Saturday, February 15, 2020

How to Pray the Psalms

How to Pray the Psalms

If you want your prayer life to be shaped by the word of God — as I hope you do! — you cannot do better than to make the Psalms a central part of your prayers. For in the Psalms we have words that God has given us to speak to God. Such a rich tapestry of praises, laments, meditations, requests, and urgent supplications is given to us that we neglect it at our peril. The Psalms tie our personal prayers to the corporate prayers of the people of Christ in every generation. They warm our hearts, inform our minds, and shape our wills.

Christian history certainly supports a robust use of the Psalms in our worship. In the first few centuries after Jesus, the Psalms generated more commentaries than any other biblical book. By the fourth century, at the latest, the book of Psalms (the Psalter) was being used regularly for Christians to sing. For Benedictine monks, the Rule of Saint Benedict (c. 530) stipulated that all 150 Psalms should be sung each week! We have come a long way from this focus on the Psalms. Now, in many Christian churches, the Psalms get no more than the occasional sermon and some songs loosely inspired by psalms. Does this matter? I think it does.

I want to encourage you to make the Psalms a rich and major part of your life of prayer and praise, both privately and corporately in your churches. I want to persuade you that this is right and good. And I want to give some pointers to help you know how to do this.

Teach Us to Pray

Let’s go back to basics. We need to be taught how to pray. It is a wonderful privilege that Christian people have: through Jesus Christ and his death for our sins, and by the ministry of the Holy Spirit in our hearts, we have access to God the Father in prayer (Ephesians 2:18). That is a magnificent, life-transforming, joyful privilege. And yet we need to be taught how to use this privilege; we need to be taught how to pray.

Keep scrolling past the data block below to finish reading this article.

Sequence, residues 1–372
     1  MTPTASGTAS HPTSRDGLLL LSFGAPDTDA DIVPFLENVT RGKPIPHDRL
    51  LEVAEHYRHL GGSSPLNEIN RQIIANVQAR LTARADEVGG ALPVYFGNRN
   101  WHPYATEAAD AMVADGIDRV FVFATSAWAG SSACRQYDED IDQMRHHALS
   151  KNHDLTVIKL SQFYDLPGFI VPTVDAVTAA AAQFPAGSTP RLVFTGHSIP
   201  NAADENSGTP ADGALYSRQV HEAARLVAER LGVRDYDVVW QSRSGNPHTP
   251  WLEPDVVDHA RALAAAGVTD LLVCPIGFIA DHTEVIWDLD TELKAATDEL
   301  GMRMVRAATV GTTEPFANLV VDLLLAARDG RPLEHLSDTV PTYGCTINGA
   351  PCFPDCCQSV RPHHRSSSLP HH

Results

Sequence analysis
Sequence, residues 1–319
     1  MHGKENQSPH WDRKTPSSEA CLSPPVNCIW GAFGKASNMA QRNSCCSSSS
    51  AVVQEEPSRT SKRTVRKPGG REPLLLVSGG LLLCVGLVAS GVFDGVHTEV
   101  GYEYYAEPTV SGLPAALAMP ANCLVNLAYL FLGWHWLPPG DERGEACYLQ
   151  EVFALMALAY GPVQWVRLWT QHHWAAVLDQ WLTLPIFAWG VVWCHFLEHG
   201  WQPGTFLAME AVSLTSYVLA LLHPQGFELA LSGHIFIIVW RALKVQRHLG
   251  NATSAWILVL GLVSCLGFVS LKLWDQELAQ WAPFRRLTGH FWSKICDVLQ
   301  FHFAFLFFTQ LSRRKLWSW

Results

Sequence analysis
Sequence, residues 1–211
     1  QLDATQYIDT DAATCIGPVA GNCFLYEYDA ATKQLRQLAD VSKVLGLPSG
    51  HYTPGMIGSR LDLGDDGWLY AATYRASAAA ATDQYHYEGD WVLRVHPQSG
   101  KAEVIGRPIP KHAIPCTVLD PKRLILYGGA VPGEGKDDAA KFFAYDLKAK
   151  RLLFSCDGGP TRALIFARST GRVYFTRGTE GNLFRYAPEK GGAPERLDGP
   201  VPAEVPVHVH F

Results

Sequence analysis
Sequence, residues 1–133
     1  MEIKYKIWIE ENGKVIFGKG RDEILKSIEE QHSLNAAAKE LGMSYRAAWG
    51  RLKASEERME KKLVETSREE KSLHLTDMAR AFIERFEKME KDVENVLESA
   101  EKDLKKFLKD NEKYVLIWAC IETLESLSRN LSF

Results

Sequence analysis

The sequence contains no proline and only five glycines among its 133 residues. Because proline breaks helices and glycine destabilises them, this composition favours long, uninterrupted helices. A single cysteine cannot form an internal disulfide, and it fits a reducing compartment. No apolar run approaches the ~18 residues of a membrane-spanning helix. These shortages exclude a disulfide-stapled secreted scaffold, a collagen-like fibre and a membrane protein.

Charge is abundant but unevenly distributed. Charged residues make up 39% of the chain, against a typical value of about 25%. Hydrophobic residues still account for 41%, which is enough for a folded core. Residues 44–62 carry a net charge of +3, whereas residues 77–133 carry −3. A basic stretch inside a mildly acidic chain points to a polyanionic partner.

God hears us when we ask according to his will (1 John 5:14) and in Jesus’s name (John 14:14; 16:23, 26). But what does this mean? Jesus gave his disciples the pattern of the Lord’s Prayer when they asked him to teach them to pray (Luke 11:2–4; Matthew 6:9–13). In many ways, the Psalms are the expanded version of the Lord’s Prayer, or we might say that the Lord’s Prayer is the compressed version of the Psalms. Just as the Lord’s prayer expresses in brief an adoration for the majesty of God’s holiness, a yearning for God’s will to be done on earth as it is in heaven, a supplication for God to provide for us all that we need, and a concern to live with pure piety in a sinful world, so we shall find that the Psalms express all these expansively and majestically.